This Water-Bottle Cleaning Method Leaves No Residue, Smell, or Aftertaste — And It’s All-Natural
Cleaning water bottles takes up an inordinate amount of my time. I actually timed it once and the total for *quickly* cleaning all seven family members’ water bottles took a whopping 11 minutes. You might think that doesn’t sound like much, but I assure you it feels like a long time to be scrubbing the insides of curved bottles with a bottle brush, disassembling intricate lids and washing them, then using a narrow bottle brush to clean out straws and spouts. Tired yet? I sure am.
I’m so invested in cutting down on the time it takes to clean water bottles that I had a glass rinser installed in our new kitchen. Its powerful spray of water drastically cuts down on the time it takes to do daily cleanings, and I’m so glad I got it.
However, there’s still the matter of deep cleaning the water bottles, which I like to do at the end of every week. In the past, I’ve used bleach, but I’m not completely comfortable with that solution for a few reasons: First, I don’t love using bleach on items we’re going to drink out of — aside from the risk of any lingering residue, I don’t like the smell of bleach that seems to cling to the bottles for a day or two, despite thorough rinsing. Plus, I don’t like using bleach in my stainless steel kitchen sink because it compromises the chromium oxide layer that protects it.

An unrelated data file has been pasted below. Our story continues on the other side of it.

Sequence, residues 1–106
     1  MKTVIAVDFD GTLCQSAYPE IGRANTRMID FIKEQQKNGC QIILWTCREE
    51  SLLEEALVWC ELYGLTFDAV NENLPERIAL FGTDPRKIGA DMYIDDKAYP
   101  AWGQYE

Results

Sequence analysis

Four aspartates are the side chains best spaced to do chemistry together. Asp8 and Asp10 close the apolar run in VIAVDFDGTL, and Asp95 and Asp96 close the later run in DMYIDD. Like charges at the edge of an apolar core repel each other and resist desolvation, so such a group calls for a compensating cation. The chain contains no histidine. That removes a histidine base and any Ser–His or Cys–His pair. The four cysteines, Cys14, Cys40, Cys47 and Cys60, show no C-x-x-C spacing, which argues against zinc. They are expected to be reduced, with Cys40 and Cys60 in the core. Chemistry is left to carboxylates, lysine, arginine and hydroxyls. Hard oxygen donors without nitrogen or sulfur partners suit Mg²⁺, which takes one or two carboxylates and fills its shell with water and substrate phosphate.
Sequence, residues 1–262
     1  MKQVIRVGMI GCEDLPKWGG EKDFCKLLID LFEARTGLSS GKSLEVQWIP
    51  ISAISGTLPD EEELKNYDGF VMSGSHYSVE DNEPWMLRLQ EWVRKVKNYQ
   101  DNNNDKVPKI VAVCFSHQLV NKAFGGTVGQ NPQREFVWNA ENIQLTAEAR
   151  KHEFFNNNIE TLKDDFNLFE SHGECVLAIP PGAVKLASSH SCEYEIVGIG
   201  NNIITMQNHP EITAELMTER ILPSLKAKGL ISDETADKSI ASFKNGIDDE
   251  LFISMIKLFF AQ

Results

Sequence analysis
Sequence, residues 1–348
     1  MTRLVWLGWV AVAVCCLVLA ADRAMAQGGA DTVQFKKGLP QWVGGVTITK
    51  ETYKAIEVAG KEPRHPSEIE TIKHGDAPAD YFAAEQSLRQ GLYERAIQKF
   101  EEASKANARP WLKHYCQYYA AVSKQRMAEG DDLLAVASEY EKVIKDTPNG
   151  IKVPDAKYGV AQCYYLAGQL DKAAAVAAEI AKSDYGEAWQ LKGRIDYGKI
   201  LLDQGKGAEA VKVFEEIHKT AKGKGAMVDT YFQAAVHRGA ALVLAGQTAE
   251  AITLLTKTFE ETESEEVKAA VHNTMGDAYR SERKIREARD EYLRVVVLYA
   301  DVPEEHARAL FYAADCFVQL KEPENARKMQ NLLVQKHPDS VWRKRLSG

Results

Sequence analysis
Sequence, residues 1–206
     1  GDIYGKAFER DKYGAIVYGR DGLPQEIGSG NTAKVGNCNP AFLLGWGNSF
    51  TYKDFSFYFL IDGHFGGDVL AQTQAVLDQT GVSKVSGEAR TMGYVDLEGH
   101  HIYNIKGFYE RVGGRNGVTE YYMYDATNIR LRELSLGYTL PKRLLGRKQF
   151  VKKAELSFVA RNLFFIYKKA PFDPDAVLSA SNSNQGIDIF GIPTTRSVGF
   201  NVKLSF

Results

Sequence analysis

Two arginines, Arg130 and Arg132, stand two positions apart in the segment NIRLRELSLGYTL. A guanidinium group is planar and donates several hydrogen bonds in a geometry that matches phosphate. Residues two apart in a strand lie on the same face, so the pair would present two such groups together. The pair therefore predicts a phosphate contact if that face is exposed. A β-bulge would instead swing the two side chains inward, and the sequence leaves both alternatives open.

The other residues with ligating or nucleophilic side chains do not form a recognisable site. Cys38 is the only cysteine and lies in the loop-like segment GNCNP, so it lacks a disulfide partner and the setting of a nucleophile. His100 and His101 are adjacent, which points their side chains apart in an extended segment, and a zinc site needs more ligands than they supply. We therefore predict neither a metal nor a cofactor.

I also really don’t like soaking the water bottle lids in soapy water, which used to be my mother’s preferred method. I’m sure it does a good job of loosening gunk in crevices, but I had a horrible experience with a soapy taste that seeped into the plastic of my to-go coffee mug and stayed for days — which scarred me for life.
I recently learned about the benefits of cleaning with citric acid, and decided to try it for deep cleaning my family’s reusable water bottles. I like that it’s safe for food surfaces and all-natural, that it won’t harm my stainless steel sink, and that it won’t leave any offending scent or residue behind. As a bonus, it’s anti-bacterial too.
Now a weekly citric acid soak is my new go-to for water bottle deep cleaning. I use it with adult water bottles, my kids’ plastic sports water bottles, and my younger kids’ water bottles. Not only is it safe and effective, but it’s also so easy to use (it just dissolves in water for soaking), and comes with none of the precautions required when using bleach. In addition, at $24.99 for a five-pound bag of the citric acid I use, it’s quite cost-effective, especially given its versatility around the house.
Here’s a step-by-step guide to how I clean my water bottles with citric acid.
- Fill a large bowl with hot water and a few tablespoons of citric acid.
- Disassemble the water bottles, removing lids, straws, etc.
- Wash grooves and other areas with dish soap and water, and scrub with a soft scrub brush and/or bottle brush.
- Wash the insides of straws and spouts with a small bottle brush.
- Soak all water bottle components for about 15 minutes.
- Set out to dry thoroughly.
The next thing you know, they’re ready to be filled with water and put in a briefcase, backpack, or sports bag — without any odors, residue, or aftertaste.
Buy: Lemi Shine 100% Citric Acid 5 Pound Bag, $24.99 (originally $26.99)
What’s the best trick you have for a hard-to-clean item? Let us know in the comments below!